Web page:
Which is easier to see: the log in your eye or the speck of sawdust in your buddy’s eye?
It’s an old adage, but it very much applies to benchmarking. An independent source will always see more issues than someone stuck inside the forest. The problem has nothing to do with intelligence, experience, or education, but rather a psychological issue called mental scotoma.
Scotoma simply means “blind spot” and this affliction — mental scotoma — is very common. I guarantee it happens to everyone. Let me give you an example to prove it.
Your friends invite you to the new house they just bought. Obviously, even though you have known them for years, you have never set foot in their home. As luck would have it, the hostess asks you to go into the kitchen and retrieve the salt shaker she left behind. How do you know where the salt is? Why did she give you this assignment? You begin to search and search, and finally your hostess appears. When you tell her that you can’t find the salt shaker, she looks at you like you are from Mars and picks up the salt sitting right in front of you!
Mental scotoma happens when you have strongly held rules and regulations or past successes that block your vision to your current situation or the future you want to achieve. A trained benchmarking outsider with a different perspective will always be able to see what you have been missing. The question is: will you be receptive?
Munro is a successful benchmarking agent, but our customers are very successful because they made it past the mental roadblock of seeing what they have always seen and thinking different than ever before. The mental hurdle is the toughest. As you look at your product — “your baby” — everyday, it just gets cuter. You then begin to think people are just dumb for not buying and loving your wonderful product the way you do. Then you hire a benchmarking company. These experts remove the veil and you get an eyeful of ugly. It’s tough.
Many successful companies have turned to an outside organization for what Dr. Ed Deming has called “profound knowledge.” Since most companies and industries become myopic because of shared paradigms, they need someone to shake up their thinking, get them to question the old ways, and to bring new ideas, approaches, and technologies that have worked in other companies and other industries.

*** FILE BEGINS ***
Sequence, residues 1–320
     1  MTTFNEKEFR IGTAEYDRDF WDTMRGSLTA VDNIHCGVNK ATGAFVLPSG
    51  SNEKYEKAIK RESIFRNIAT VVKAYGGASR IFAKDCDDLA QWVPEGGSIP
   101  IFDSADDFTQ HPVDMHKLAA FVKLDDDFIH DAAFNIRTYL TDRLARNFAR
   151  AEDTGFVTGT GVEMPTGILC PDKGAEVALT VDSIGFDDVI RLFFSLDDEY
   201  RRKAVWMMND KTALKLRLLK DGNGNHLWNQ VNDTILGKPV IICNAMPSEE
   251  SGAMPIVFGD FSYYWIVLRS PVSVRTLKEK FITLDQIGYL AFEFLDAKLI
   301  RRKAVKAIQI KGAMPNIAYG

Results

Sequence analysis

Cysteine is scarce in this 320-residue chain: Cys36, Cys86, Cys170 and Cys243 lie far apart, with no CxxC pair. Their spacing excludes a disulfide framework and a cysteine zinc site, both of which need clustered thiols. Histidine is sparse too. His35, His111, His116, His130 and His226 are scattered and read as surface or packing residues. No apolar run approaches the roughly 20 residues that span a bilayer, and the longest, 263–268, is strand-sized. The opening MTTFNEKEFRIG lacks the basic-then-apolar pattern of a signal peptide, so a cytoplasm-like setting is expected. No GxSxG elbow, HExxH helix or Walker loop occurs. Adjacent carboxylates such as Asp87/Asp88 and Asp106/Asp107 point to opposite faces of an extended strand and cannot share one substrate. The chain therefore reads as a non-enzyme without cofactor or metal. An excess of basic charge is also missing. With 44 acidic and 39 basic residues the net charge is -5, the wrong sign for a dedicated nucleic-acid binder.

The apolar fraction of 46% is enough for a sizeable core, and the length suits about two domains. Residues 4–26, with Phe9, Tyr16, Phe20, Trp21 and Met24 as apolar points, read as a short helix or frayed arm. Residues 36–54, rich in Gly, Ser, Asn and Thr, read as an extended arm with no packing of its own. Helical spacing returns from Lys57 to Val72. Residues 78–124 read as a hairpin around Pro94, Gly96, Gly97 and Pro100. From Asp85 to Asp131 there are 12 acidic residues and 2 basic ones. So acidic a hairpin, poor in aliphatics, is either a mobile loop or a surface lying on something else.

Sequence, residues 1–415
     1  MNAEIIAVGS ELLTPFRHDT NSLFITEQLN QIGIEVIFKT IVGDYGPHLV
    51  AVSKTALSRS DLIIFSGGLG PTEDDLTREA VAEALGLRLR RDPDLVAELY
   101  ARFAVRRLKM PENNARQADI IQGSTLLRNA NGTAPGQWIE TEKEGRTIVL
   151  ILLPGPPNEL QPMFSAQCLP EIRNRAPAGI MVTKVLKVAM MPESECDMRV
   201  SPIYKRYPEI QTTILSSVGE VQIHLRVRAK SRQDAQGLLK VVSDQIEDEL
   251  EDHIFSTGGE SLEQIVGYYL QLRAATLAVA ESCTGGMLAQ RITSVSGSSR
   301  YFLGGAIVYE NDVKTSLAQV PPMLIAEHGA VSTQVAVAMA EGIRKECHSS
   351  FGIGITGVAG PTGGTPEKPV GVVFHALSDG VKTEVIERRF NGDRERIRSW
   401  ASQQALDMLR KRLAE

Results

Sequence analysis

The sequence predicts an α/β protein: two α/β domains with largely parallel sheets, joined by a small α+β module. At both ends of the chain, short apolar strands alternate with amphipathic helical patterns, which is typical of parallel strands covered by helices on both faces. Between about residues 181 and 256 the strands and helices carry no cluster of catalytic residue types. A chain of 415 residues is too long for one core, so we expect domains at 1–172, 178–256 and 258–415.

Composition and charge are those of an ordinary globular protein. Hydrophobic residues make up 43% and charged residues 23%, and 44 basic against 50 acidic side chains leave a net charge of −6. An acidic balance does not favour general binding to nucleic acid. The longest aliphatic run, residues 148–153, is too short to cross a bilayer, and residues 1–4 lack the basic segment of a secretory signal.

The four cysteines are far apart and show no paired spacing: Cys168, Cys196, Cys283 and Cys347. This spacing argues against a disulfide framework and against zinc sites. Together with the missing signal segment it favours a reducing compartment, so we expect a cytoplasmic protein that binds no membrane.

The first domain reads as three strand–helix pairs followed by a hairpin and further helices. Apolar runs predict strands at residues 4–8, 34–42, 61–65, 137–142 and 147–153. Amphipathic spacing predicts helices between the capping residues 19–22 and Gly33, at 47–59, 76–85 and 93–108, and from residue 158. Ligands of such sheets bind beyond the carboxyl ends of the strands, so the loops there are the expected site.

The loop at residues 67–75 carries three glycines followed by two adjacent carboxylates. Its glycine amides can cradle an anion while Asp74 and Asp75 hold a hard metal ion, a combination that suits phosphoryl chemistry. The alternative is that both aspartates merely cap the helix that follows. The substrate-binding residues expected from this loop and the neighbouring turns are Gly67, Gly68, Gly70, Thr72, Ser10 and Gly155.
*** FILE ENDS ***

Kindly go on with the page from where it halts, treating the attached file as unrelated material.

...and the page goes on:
This outside perspective is crucial in guiding a company through the inevitable doubts and rough spots, and in keeping them from reverting back to old, more comfortable ways. The strategic executive can make his or her own luck by keeping a couple of four-leaf clovers with them throughout their campaign:
The crucial ingredients for success:
- True management commitment, not just contribution;
- Early involvement — at the concept stage;
- A multi-disciplinary team that includes shop floor operators as they have the most product knowledge and yet are often the most underutilized company resource; and
- Analytical approaches — so decisions are made based on data and numbers, not emotions.
The second four-leaf clover is called the “4Ts:”
- Teamwork — is the difference between good and bad designs. A focused, committed team will outperform a group of individuals with more technology, but less focus every time;
- Timing — extra time must be allotted at the design stage. In the end, you will save time by doing things right the first time and probably gain a product generation advantage over the competition;
- Training — People will not think in new ways or use new rules without training. Training helps people discover the limitations they have put on their own creativity. And it helps the team to see the product and the processes in the new and different perspective that is needed to create a breakthrough design; and
- Tools — There are several analytical tools and computer methodologies available to provide teams with the data they need to make wise choices.
The tools include such various approaches like: QFD (quality function deployment), Pugh Analysis, Munro MAP3™, COQ (cost of quality), 6 Sigma, FMEA (failure modes and effects analysis), and DTC (design to cost). Teams should benchmark tools rather than using those most readily available. For maximum advantage, teams should pick the tools and approaches that best fit their specific needs.
Tools are important, but remember: they are only tools. Thinking that tools will solve all your problems is like starting up a chainsaw and throwing it into the woods and expecting finished 2x4’s to come out.